There are a number of ways to get the petition:
The petition is a short one page form, but it is important that it is filled our completely. It must clearly state the name of the juvenile subject, the case number or the minor's date of birth, and the law enforcement agency with the records. It is also important to include the reason why a copy of the juvenile police records are being requested and how the records will be used.
The completed form should be submitted to the Juvenile Court. It may be mailed or submitted personally to the Office of the Presiding Judge of the Juvenile Court. Petitions submitted in person should be brought to the Clerk's Office on the Second Floor of the Children's Court.
Office of the Presiding Judge
Edmund D Edelman Children's Court
201 Centre Plaza Drive
Monterey Park, CA 91754
Additionally the proper parties, if known, should be noticed.
To notice a party means that the party is informed that a copy of the police records have been requested and gives the party an opportunity to object. The notice must include the identity of the person or entity requesting the information, a copy of the petition, where to send or bring an objection and the deadline for when the objections must be submitted within 20 days if service is by mail or confirmed fax and 15 days if personally served.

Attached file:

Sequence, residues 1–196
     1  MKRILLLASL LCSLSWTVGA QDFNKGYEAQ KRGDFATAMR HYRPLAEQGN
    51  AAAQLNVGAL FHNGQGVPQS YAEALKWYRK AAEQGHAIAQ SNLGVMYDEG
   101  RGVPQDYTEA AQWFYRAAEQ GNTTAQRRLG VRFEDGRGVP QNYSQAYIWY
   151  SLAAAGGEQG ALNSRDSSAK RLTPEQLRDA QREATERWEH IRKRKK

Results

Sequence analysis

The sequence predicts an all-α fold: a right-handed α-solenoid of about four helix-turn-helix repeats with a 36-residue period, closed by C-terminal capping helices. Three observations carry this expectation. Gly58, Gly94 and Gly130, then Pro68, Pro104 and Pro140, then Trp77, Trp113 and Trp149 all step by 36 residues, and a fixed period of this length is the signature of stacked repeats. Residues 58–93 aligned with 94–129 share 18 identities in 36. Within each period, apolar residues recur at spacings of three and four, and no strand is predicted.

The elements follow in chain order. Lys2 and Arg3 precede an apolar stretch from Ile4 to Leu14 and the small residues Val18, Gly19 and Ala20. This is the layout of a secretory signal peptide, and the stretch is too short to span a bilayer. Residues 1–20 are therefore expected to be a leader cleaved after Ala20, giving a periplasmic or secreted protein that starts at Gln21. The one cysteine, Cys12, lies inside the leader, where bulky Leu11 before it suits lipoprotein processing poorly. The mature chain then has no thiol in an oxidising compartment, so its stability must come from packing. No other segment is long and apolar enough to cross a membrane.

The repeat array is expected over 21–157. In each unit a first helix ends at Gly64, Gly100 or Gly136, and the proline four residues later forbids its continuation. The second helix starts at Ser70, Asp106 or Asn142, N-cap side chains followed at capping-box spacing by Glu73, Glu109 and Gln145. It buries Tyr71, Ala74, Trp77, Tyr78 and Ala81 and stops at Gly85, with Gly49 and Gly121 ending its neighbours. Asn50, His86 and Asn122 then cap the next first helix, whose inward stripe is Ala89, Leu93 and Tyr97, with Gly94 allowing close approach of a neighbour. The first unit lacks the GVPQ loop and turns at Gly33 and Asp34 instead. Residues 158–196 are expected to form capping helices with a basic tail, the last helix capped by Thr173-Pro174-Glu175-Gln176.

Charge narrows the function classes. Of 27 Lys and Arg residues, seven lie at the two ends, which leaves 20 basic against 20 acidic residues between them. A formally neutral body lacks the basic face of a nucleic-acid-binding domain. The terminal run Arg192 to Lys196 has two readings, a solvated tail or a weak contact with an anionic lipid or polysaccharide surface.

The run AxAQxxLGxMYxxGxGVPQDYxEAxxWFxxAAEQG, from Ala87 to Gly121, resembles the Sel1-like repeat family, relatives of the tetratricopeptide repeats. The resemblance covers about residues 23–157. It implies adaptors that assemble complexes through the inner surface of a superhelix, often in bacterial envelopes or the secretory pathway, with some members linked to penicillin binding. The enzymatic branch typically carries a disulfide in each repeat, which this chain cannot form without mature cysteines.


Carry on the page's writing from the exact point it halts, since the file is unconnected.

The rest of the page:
The Petitioner requesting the records should attempt to serve notice on the minor, who is the subject of the records and the minor's parents or guardians if the minor is under 18. If a minor is a dependent of the Juvenile Court, the minor's dependency attorney, DCFS and County Counsel also must be noticed. If a minor is a ward of the Juvenile Court, the minor's delinquency attorney, the District Attorney and the Probation Department must be notified. The Juvenile Court will ensure that proper notice has been served and notice parties that were not noticed.